Growing wine grapes without irrigation possible for some, not all
"If you don't water in the San Joaquin Valley, you're not getting a yield," Larry Williams, a professor in the Department of Viticulture and Enology at UC Davis and based at Kearney Agricultural Research and Extension Center, told Pierson.
Last month Sacramento Bee columnist Mike Dunne used Williams' study of water use of chardonnay grapes in the Carneros Region to refute the amount of water a Dutch researcher claimed was required to produce a single glass of wine. “In California vineyards and cellars, is 29 gallons of water to produce a single glass of wine a realistic estimate?” Dunne asked Williams, who explained that California grape yields per gallon of water are much higher than in Europe.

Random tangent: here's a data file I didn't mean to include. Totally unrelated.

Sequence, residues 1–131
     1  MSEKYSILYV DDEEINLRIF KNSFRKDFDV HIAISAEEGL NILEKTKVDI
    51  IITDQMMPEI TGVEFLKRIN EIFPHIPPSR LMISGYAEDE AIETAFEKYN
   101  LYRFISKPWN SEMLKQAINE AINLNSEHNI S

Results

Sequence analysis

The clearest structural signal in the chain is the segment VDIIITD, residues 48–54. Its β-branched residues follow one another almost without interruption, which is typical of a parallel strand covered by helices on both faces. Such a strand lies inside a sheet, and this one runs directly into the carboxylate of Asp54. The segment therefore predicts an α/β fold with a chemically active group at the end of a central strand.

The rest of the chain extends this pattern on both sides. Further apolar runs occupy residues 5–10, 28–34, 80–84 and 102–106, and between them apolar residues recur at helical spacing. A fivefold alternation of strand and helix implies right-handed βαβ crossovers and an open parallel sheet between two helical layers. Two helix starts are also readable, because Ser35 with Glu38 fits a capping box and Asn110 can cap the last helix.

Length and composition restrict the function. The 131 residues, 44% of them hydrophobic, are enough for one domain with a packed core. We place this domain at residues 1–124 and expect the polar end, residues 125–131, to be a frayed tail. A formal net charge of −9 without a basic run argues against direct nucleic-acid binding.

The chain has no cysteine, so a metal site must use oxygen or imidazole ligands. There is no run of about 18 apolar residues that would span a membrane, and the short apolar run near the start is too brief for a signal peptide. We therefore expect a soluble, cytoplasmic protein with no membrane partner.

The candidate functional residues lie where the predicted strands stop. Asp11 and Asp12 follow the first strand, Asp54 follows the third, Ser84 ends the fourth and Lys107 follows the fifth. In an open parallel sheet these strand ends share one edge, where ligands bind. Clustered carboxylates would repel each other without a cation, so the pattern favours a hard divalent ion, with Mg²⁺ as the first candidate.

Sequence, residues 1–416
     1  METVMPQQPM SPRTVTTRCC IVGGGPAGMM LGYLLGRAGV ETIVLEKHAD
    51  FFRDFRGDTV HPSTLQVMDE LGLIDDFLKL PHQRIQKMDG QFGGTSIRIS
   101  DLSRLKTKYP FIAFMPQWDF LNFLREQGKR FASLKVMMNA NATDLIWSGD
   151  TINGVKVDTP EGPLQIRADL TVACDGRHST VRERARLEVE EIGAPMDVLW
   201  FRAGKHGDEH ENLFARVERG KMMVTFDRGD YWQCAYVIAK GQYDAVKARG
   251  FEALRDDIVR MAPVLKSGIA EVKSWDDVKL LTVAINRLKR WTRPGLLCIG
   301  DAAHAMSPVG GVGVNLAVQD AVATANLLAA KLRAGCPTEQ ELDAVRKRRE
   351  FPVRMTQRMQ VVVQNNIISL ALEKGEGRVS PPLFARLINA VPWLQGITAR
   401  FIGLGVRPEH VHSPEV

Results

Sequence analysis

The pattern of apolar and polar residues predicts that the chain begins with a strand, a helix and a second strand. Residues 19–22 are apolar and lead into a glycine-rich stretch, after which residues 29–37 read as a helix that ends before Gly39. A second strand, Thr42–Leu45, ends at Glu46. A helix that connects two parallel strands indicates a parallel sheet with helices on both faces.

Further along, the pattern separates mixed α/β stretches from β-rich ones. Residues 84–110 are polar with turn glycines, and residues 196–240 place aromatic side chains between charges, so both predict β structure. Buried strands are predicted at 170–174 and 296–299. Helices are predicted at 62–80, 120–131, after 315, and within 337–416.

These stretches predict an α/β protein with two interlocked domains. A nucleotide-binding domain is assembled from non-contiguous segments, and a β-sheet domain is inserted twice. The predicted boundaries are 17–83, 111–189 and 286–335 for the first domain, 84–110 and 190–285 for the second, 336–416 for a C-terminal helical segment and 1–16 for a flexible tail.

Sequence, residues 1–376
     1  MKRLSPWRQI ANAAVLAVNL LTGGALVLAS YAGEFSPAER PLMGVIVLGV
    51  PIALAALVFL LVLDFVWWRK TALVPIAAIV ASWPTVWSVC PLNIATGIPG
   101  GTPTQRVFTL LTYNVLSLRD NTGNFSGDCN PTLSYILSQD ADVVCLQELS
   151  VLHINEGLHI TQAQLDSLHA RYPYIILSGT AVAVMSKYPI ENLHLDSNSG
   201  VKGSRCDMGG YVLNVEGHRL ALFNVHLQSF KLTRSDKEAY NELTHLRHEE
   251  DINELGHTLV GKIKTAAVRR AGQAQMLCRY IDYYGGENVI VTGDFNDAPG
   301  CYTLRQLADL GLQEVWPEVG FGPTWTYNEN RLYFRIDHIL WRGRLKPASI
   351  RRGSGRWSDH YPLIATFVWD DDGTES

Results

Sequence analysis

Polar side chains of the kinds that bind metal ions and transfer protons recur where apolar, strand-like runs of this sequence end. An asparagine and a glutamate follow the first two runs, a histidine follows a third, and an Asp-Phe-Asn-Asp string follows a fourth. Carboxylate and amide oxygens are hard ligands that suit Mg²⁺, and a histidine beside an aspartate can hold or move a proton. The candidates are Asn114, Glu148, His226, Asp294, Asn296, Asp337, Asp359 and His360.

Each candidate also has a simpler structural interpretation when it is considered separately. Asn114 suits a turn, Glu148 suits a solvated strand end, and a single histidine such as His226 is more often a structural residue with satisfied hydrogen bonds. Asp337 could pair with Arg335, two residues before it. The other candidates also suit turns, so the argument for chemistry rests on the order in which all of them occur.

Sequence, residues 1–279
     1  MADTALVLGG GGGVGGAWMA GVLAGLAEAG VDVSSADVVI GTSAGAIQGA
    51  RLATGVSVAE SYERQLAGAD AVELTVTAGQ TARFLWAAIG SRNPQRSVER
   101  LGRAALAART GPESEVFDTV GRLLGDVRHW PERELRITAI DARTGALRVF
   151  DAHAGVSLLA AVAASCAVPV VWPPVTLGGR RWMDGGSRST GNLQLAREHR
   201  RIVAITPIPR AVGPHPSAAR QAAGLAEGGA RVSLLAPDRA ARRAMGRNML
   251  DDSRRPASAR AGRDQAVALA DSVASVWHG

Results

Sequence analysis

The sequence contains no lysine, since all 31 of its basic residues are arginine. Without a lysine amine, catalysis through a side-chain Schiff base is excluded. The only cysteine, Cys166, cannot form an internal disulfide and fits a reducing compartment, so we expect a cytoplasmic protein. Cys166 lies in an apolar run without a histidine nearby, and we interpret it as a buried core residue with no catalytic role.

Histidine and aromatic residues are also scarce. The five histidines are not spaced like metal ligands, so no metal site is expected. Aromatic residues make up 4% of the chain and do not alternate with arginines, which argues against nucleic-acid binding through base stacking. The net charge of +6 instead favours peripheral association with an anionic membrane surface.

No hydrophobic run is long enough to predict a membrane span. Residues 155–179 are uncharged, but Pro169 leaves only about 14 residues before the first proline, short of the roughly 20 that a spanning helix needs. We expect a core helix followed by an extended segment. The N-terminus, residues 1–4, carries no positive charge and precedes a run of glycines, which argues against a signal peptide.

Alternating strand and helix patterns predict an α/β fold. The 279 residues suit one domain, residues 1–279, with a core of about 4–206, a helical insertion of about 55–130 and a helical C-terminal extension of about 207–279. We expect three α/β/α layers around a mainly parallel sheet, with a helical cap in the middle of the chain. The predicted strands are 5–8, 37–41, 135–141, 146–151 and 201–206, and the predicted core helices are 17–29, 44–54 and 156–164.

“The mean yield of wine grapes in Europe ... is around 1.8 tons per acre using data I've gleaned from research papers,” Williams says. “The mean chardonnay yields across California are 7.4 tons per acre.”
Based on Williams' research, Dunne wrote, “Vines of the dry-farmed portion yielded 4.9 tons per acre, while vines on the irrigated portion produced 6.3 tons per acre. The upshot was that 14.2 gallons of water was needed in the dry-farmed block to produce a typical 4-ounce pour of wine, while 15.3 gallons of water was needed in the irrigated parcel to produce a 4-ounce pour of wine, totals far lower than the figure calculated by the Water Footprint Network.”